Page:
Results: We retrieved 5114 tweets, posted by 2339 users, that mention a β-blocker, and manually identified 2332 (45.6%) tweets, posted by 1195 (51.1%) of the users, that self-report taking the β-blocker. We were able to estimate the date of the prenatal time period for 356 pregnancies among 334 (27.9%) of these 1195 users. Among these 356 pregnancies, we identified 257 (72.2%) during which the β-blocker was or may have been taken. We manually verified an adverse pregnancy outcome—preterm birth, NICU admission, low birth weight, birth defects, or miscarriage—for 38 (14.8%) of these 257 pregnancies. We manually verified a gestational age ≥37 weeks for 198 (90.4%) and a birth weight ≥5 pounds and 8 ounces for 50 (22.8%) of the 219 pregnancies for which we did not identify an adverse pregnancy outcome.
Conclusions: Our ability to detect pregnancy outcomes for Twitter users who posted tweets reporting that they took or may have taken a β-blocker during pregnancy suggests that Twitter can be a complementary resource for cohort studies of drug safety in pregnancy.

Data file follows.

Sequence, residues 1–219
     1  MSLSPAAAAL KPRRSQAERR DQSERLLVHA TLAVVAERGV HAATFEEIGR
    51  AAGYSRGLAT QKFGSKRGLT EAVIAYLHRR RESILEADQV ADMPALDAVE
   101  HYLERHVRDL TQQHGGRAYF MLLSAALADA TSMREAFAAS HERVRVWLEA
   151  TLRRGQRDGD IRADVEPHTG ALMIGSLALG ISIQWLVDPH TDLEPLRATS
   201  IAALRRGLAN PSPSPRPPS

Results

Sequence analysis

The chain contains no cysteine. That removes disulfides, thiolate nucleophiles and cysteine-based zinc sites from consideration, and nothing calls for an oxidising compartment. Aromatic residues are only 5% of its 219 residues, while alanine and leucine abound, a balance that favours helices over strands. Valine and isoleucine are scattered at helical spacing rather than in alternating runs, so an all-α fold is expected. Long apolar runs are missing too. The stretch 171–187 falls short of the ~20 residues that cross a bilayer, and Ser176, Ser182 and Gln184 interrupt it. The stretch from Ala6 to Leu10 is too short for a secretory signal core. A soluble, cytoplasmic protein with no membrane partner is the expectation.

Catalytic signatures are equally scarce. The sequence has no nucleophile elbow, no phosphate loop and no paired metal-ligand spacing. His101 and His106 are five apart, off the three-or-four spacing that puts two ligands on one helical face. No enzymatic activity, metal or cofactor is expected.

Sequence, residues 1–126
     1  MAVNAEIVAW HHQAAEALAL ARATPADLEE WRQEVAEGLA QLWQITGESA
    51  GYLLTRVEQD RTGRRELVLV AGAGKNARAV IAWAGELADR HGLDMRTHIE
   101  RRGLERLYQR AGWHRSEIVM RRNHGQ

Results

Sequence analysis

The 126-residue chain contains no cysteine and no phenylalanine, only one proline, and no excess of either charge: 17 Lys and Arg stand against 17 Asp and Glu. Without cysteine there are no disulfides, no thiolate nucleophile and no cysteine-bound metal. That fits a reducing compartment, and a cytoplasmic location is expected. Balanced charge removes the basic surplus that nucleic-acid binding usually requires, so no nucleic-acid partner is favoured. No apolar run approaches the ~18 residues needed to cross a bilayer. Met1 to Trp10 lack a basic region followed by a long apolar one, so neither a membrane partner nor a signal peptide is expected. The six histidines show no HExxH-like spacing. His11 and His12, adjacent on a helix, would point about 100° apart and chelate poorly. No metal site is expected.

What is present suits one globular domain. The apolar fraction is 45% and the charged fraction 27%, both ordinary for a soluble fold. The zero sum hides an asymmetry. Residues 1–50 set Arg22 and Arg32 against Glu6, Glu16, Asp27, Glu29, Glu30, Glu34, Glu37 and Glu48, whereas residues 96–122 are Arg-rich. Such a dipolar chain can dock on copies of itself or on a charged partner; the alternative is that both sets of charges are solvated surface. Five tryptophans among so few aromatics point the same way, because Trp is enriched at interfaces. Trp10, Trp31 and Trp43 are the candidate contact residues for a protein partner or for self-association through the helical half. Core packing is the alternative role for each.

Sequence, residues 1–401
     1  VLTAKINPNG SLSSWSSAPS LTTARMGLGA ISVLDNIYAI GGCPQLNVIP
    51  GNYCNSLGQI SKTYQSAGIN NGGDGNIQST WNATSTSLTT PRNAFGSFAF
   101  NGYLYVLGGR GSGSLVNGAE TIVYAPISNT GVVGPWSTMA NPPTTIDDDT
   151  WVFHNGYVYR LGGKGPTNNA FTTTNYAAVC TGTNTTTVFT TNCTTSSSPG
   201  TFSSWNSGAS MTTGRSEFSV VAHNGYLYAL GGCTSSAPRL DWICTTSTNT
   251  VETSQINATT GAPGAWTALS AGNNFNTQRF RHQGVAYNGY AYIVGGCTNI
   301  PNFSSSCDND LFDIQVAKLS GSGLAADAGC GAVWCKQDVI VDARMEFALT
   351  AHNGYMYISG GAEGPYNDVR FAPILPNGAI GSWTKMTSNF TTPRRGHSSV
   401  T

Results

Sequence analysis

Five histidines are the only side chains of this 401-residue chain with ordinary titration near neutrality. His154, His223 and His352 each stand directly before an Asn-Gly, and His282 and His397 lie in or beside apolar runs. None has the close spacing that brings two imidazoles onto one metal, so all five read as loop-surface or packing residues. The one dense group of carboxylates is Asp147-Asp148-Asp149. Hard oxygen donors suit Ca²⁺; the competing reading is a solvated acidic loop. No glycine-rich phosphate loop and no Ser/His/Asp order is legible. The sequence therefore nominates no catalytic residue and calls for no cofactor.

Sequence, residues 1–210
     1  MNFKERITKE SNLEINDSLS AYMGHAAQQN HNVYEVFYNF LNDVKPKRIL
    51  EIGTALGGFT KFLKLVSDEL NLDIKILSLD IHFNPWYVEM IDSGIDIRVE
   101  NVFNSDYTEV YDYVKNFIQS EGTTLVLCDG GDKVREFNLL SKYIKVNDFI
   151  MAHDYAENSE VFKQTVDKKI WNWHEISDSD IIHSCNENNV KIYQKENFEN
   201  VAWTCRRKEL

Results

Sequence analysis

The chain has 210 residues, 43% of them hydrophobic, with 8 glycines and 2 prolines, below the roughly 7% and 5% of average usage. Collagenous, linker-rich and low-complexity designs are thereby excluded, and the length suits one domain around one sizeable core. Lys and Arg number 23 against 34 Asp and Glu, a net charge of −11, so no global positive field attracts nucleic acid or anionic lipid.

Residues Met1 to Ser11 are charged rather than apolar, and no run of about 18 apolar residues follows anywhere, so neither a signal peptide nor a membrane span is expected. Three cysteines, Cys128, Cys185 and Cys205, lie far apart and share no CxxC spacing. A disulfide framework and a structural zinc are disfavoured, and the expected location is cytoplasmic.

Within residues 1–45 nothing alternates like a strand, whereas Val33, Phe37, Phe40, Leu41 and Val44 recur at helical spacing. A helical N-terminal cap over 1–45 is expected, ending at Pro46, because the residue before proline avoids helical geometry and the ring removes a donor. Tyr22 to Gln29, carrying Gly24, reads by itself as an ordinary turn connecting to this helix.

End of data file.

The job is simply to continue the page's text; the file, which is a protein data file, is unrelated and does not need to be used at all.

Prescription or over-the-counter medication is taken during more than 90% of pregnancies . Despite the widespread use of medication during pregnancy, the fetal risk for most medications approved by the US Food and Drug Administration is unknown, and the majority of approved medications have no data regarding safety in pregnancy [ ]. Given that Twitter has become a popular source of data on health conditions [ ], it should be explored for evaluating drug safety in pregnancy, especially since 42% of people aged 18-29 years and 27% of people aged 30-49 years in the United States use Twitter [ ]. Our prior work [ ] used Twitter data in a case-control study that involved identifying users who reported a birth defect outcome (cases) [ ] and users who did not (controls), and then searching their tweets for reports of medication exposure during pregnancy. Twitter data has not been assessed, however, for its utility in a cohort study design, which would involve identifying pregnancy outcomes for users who have reported taking medication during pregnancy.